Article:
© 2018 – Routledge
Emphasizing the importance of contemporary art forms in EcoJustice Education, this book examines the interconnections between social justice and ecological well-being, and the role of art to enact change in destructive systems. Artists, educators, and scholars in diverse disciplines from around the world explore the power of art to disrupt ways of thinking that are taken for granted and dominate modern discourses, including approaches to education. The EcoJustice framework presented in this book identifies three strands—cultural ecological analysis, revitalizing the commons, and enacting imagination—that help students to recognize the value in diverse ways of knowing and being, reflect on their own assumptions, and develop their critical analytic powers in relation to important problems. This distinctive collection offers educators a mix of practical resources and inspiration to expand their pedagogical practices. A Companion Website includes interactive artworks, supplemental resources, and guiding questions for students and instructors.
"This book is an exciting international exploration of how EcoJustice Education can, and must, intersect with Art and Art Education in order to address the devastating ecological crises in which we find ourselves. This collection gives educators much-needed resources to begin to understand how we can use art to creatively intervene in the harmful assumptions and practices that are impacting humans and the more-than-human world."
Alison Happel-Parkins, University of Memphis, USA
"This book offers strong ecocritical perspectives that reframe dominant assumptions in Western industrial culture. This timely anthology pushes EcoJustice scholars and educators to think—and feel—beyond the human-centered confines of the modernist assumptions constituting ‘what is’ and the possibilities of ‘what ought to be’ in regards to the role of art, and artistry, in re-imagining education."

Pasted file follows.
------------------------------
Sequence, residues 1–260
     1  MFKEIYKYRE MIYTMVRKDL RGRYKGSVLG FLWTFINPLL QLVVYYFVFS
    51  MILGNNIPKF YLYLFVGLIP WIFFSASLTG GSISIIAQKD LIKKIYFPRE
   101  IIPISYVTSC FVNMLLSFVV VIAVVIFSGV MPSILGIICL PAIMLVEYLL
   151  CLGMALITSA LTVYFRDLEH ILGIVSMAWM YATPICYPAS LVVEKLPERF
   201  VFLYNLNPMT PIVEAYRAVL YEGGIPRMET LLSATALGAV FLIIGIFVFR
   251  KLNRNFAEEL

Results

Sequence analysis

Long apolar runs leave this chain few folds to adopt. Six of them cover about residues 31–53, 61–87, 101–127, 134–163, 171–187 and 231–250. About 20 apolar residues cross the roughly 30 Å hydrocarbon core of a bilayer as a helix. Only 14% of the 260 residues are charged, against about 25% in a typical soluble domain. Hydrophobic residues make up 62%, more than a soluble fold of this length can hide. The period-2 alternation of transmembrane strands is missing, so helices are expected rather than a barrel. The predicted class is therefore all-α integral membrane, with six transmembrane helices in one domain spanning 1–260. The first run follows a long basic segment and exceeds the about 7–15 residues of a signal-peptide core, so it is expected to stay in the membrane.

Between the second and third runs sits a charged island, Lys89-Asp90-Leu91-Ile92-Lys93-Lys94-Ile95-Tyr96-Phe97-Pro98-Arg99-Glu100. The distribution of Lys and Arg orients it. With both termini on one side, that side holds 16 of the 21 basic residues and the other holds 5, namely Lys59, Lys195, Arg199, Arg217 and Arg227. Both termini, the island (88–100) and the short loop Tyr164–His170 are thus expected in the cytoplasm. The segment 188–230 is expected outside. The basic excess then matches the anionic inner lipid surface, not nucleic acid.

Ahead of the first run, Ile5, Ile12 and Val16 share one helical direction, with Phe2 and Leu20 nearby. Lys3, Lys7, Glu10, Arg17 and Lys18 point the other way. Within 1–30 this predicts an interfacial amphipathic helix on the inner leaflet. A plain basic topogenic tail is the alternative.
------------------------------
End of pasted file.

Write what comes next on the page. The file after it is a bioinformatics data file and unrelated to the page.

John Lupinacci, Washington State University, USA
1. Introduction: Contemporary Art as Critical, Revitalizing, and Imaginative Practice Toward Sustainable Communities
Raisa Foster and Rebecca Martusewicz
2. For the Most Important Parts of You: A Story About Science
3. Recognizing Mutuality: The More-Than-Human World and Me
4. The Experience of the Uncanny as a Challenge for Teaching Ecological Awareness
5. Letters from Love’s Great Room: Fiction as Cultural Ecological Analysis and Pedagogy of Responsibility
6. Art Is That Which Takes Something Real and Makes It More Real Than It Was Before
Tommy Akulukjuk and Derek Rasmussen
7. Poetry and EcoJustice in a Kenyan Refugee Settlement
8. The Uncle Vanya Project: Performance, Landscape, Time
9. For the Love of the Forest: Walking, Mapping, Making Textile Art
10. Finding My Wound, Bandaging My Knife: Stimulating Inner Transformation through Art
11. Building Ecological Ontologies: EcoJustice Education Becoming with(in) Art-science Activisms
Alicia Flynn and Aviva Reed
12. Apptivism, Farming, and EcoJustice Art Education
13. Creativity as Intrinsic Ecological Consciousness
Srisrividhiya Kalyanasundaram (Srivi Kalyan)
14. Love in the Commons: Eros, Eco-Ethical Education, and a Poetics of Place